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HRM research project(Labour Market in India and Higher Education)

HRM research project(Labour Market in India and Higher Education)

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Labour Market in India and Higher Education
Labour Market in India and Higher Education

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Published by: shweta_46664 on Mar 11, 2010
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HRM Research Paper on
Labour Market in India andHigher Education”
As the knowledge has become a key factor in economic development, there is a change in thenature of work, shifting away from occupations rooted in industrial production to occupationsassociated with knowledge and information. This transformation has both increased and updatedthe skills required in economy. It is now increasingly felt that the jobs of the future wouldnecessarily require some kind of higher education qualifications. Growing enrolments in higher education and rising rates of return on it in not only advanced countries but also manydeveloping countries tend to make a case for expanding higher education to reach larger number of people across the world.A consensus is now emerging that though primary and secondary education is important, it is thequality and size of the higher education that will differentiate a dynamic economy from amarginalized one. Source of competitiveness in the new knowledge economy being talent, it isfelt that the countries that are able to nurture talent by pursuing progressive policies in higher education would be the winners. These and many more such arguments have brought focus onhigher education in the developed and the developing countries alike. More and better higher education has become like ‘gospel’ – an article of faith for most countries. At the same timethere is evidence of growing unemployment and underemployment of graduates across a widerange of countries. There are concerns that the higher education is not equipping students withskills and competences required in the global knowledge economy. As a result many countriesface a paradox of mounting skill shortages co-existing with rising graduate unemployment andunderemployment. This makes it necessary to understand the dynamics of the linkages betweenhigher education and labour market seen in the context of globalization. Globalization isintegrating the labour market for the skilled people. There is a rising wave of internationalizationof higher education marked by increased flow students, programs and providers across national boundaries.In the above context, there have many interesting developments in India since early 1980s. Thesehave impacted the dynamics of linkages between the higher education sector and the labour market for qualified people. With a large system of higher education, a vast pool of qualifiedmanpower and an employment structure with small organized sector India’s experience in thisregard would provide valuable insights for developing as well as developed countries. This paper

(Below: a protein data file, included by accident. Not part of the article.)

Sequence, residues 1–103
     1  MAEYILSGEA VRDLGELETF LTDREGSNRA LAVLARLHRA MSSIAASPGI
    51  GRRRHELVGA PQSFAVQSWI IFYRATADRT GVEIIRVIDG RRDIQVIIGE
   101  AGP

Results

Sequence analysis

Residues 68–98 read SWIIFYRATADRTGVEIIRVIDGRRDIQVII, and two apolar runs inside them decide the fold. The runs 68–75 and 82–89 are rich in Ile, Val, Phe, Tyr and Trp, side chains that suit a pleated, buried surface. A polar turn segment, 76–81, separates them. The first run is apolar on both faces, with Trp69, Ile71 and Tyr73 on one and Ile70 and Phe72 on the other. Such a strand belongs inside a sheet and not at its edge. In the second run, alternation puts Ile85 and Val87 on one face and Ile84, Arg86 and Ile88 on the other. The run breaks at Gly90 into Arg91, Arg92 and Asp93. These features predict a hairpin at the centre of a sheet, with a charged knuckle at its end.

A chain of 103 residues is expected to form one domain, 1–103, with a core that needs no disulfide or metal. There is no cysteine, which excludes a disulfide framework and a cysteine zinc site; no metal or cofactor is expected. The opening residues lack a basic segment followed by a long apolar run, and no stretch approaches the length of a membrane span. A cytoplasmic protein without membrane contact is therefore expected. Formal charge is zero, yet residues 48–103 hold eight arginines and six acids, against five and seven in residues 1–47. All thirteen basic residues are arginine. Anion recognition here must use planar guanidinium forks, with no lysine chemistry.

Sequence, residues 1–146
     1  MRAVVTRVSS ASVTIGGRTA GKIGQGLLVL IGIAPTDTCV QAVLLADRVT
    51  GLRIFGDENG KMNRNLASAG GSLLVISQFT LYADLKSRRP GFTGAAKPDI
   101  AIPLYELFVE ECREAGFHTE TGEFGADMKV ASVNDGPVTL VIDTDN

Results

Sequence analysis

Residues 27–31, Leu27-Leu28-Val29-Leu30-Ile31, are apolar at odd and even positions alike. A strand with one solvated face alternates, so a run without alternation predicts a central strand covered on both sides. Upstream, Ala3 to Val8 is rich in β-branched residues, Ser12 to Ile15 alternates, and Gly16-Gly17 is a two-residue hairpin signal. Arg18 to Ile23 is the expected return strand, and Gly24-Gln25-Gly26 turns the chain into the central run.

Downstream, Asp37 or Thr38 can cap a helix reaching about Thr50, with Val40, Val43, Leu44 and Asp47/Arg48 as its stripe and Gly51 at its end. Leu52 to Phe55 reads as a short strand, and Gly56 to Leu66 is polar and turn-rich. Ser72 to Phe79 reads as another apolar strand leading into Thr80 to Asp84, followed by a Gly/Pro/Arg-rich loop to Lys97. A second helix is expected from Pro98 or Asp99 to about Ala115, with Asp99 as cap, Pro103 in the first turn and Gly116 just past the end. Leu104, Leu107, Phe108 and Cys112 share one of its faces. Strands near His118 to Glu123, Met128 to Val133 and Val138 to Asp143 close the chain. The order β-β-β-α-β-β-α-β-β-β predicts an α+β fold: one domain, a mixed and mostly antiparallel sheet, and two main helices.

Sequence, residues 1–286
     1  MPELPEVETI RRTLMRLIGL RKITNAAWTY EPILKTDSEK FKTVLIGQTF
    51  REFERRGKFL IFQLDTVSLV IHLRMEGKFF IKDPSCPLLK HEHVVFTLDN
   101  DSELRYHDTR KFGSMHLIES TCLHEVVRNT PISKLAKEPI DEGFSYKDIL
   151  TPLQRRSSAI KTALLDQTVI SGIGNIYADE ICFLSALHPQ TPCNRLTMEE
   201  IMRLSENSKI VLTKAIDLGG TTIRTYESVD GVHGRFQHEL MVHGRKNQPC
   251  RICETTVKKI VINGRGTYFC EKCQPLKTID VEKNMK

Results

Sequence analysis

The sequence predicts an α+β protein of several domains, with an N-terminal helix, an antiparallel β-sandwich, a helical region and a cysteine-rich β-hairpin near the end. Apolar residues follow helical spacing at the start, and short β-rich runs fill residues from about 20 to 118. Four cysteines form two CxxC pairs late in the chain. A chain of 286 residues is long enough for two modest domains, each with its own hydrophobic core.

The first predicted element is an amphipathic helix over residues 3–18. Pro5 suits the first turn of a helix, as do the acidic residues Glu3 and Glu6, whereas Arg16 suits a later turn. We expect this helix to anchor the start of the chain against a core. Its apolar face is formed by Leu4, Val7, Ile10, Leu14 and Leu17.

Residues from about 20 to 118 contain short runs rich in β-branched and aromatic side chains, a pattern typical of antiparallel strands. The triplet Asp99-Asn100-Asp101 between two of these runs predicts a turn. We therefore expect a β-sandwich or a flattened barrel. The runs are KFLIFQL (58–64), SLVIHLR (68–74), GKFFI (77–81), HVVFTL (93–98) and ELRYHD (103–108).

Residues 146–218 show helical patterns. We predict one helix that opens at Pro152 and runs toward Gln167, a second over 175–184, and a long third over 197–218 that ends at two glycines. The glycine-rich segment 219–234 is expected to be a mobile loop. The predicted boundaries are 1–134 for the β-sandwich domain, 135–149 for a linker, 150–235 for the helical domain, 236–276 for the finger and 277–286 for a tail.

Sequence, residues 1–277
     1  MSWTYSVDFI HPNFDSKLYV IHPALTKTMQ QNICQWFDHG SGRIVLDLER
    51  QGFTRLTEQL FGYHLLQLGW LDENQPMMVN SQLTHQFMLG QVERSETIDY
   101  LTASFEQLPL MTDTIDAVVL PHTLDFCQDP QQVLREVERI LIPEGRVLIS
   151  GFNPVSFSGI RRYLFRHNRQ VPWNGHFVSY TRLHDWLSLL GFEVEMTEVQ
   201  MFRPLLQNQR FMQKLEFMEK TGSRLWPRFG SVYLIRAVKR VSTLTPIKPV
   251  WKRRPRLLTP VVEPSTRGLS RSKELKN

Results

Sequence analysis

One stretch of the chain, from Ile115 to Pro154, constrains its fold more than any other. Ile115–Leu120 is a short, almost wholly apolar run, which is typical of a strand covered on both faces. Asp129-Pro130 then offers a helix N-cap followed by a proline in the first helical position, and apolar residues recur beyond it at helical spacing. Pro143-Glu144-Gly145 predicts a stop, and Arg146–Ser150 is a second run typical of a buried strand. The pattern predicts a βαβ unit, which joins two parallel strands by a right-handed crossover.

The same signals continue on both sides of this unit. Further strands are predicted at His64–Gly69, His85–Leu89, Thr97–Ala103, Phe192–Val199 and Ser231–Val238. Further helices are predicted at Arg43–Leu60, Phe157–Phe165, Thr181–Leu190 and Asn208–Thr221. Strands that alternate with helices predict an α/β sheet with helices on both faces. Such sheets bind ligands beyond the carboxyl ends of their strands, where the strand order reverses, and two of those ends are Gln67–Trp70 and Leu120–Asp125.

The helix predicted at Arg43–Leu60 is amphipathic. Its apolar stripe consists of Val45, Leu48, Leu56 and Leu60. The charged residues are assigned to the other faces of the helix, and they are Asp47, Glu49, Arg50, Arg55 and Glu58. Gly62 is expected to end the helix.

analyses the linkages between higher education and labour markets in India in the context of recent developments. Various sections in this paper have been organized as follows anoverview of recent developments; review of the higher education and training sector in India bringing out its salient characteristics; labour market, its structure and trends particularly as theyrelate to qualified people; new employment opportunities and perceived skill shortages; andfinally evolving an action plan for better alignment of growth in higher education with changinglabour market conditions in the country.
Recent Developments
To set the context, this paper outlines recent developments to improve understanding of thelinkages of higher education / training with the labour markets. These developments relate to thechanging occupational structure in the knowledge economy; different ways in which higher education relates to work at the individual level; clearing of demand and supply in higher education and labour markets. Experiences of the a few countries / regions and their concernsrelating to higher education and labour market have been stated to set the overall context bringing out similarities and the differences amongst them.Changing occupational structure: Accompanied with growth and development, there has been achange in occupational structure resulting in better division of labour and shifting from manual attimes hazardous occupations to intellectual work. This transformation is the outcome of changing nature of work impacted by computerization. The end result is the emergence of aglobal occupational structure with an increasingly integrated labour market.Change in nature of work: While much of the technical change during the early nineteenthcentury has been skill-replacing, the twentieth century is marked by skill-biased technicalchange. Rapid increase in the supply of skilled workers has induced the development of skillcomplementary technologies. The skill-biased technical change has altered work-environment. Ithas transformed the nature of work and its content. The changes are at individual as well asorganizational level and this impacts employment structures and labour markets.At the individual level, there are two undeniable trends: the decrease of workers in industrial andmanual jobs and a rise in tertiary employment. Tertiary employment requires large number of  people who do intellectual work. Work content of jobs has changed leading to new demands in

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